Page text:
Brighten up dark Arabian Nights in this soothing 2.5D side-scrolling adventure

All about Nightscape from ID@Xbox
Mezan Studios

Stars falling from the sky and a magic, floating goat showing up? Nightscape’s protagonist, Layla, certainly has her hands full. Equipped with her astronomer’s tools, courage, and her new goat buddy, she’s journeying through the beautiful landscapes of the Middle East to unravel the mystery that lies behind the Starfall, which left the stunning night sky dark.

Presented in 2.5D, this side-scrolling adventure game from Qatar-based Mezan Studios draws primarily on Arabian culture to weave a story everyone can connect with – not every culture may call the constellations the same or tell the same stories about them, but observing the stars is something everyone in the world can do. And so we follow Layla as she ventures forth to put the fallen stars back in their places one at a time.

She must jump over obstacles or solve little puzzles to open a path for herself – and her new goat friend comes in quite handy at times like this, using its magical powers to help her out.

That doesn’t mean Layla is depending on her companion, though. She’s a very proficient archer, able to take out enemies like giant scorpions from afar. Just like the goat, however, she’s also a bit of a miracle worker – for the power of the stars is with her. Putting constellations back in the night sky unlocks their specific abilities for Layla. These are derived from the stories connected to each of them in Arabian culture, which is a beautiful touch giving the game a unique flair and relation to its home region.

Nightscape screenshot showing a boat at sea during the night.
As the game progresses, you'll slowly fill the night sky once more. / Mezan Studios

A gameplay sequence shown to press during a recent ID@Xbox event illustrated these powers with more detail. Faced with a valley she needed to traverse, Layla called down rain with one of her constellation abilities to fill up the area with water – and promptly drowned in the torrent. Of course, a solution presented itself: A movable box could be placed in the middle of the valley. This time, Layla made it rain while standing on the box, which floated to the surface and let her get to the other side of the valley safely.

These puzzles are bound to get more challenging the deeper you get into the game, as Layla will have more abilities at her disposal to solve them, but Nightscape is not the type of title to ever be overwhelming – everything from its slow-paced gameplay to its enchanting music and looks is designed to be soothing and relaxing. Even the boss fights are relatively zen in comparison to most other games. In the preview footage, we saw Layla battle a giant scorpion protecting the fallen star, kiting the monster in a circle by using the 2.5D environment.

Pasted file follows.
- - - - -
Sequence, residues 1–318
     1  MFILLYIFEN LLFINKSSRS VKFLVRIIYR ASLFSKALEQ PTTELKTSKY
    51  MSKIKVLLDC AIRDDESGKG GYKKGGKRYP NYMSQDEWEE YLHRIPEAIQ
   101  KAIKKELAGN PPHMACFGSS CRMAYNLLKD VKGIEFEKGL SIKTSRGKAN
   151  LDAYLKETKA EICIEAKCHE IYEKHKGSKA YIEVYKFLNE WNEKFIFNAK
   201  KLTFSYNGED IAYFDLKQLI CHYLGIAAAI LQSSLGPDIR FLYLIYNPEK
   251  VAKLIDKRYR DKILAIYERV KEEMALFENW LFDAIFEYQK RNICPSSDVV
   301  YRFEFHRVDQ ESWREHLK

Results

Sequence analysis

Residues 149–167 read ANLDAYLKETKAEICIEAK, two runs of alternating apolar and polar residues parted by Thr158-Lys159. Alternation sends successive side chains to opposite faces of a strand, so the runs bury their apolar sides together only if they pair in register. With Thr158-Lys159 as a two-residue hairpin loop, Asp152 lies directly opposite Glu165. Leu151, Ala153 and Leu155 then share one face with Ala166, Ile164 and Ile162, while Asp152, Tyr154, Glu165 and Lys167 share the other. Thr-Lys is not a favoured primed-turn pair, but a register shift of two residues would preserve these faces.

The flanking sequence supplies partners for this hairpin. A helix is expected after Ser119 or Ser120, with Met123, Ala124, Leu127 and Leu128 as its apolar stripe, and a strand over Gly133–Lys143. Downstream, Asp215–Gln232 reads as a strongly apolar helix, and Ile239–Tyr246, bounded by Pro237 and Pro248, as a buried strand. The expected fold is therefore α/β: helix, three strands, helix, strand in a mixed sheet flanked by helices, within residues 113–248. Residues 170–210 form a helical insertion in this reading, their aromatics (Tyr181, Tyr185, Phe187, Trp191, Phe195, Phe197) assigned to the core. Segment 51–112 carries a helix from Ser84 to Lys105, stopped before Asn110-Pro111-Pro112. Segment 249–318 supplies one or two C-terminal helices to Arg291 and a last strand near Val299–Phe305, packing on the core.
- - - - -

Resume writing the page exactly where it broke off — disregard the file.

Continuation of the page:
Nightscape certainly won’t get your adrenaline pumping – on the contrary: Nightscape, as its creative director put it, wants to provide players with an escape from reality and the ability to dream a little bit.

Nightscape doesn’t have a release date yet and is planned to launch on PC as well as consoles.


Published
Marco Wutz

MARCO WUTZ

Marco Wutz is a writer from Parkstetten, Germany. He has a degree in Ancient History and a particular love for real-time and turn-based strategy games like StarCraft, Age of Empires, Total War, Age of Wonders, Crusader Kings, and Civilization as well as a soft spot for Genshin Impact and Honkai: Star Rail. He began covering StarCraft 2 as a writer in 2011 for the largest German community around the game and hosted a live tournament on a stage at gamescom 2014 before he went on to work for Bonjwa, one of the country's biggest Twitch channels. He branched out to write in English in 2015 by joining tl.net, the global center of the StarCraft scene run by Team Liquid, which was nominated as the Best Coverage Website of the Year at the Esports Industry Awards in 2017. He worked as a translator on The Crusader Stands Watch, a biography in memory of Dennis "INTERNETHULK" Hawelka, and provided live coverage of many StarCraft 2 events on the social channels of tl.net as well as DreamHack, the world's largest gaming festival. From there, he transitioned into writing about the games industry in general after his graduation, joining GLHF, a content agency specializing in video games coverage for media partners across the globe, in 2021. He has also written for NGL.ONE, kicker, ComputerBild, USA Today's ForTheWin, The Sun, Men's Journal, and Parade. Email: marco.wutz@glhf.gg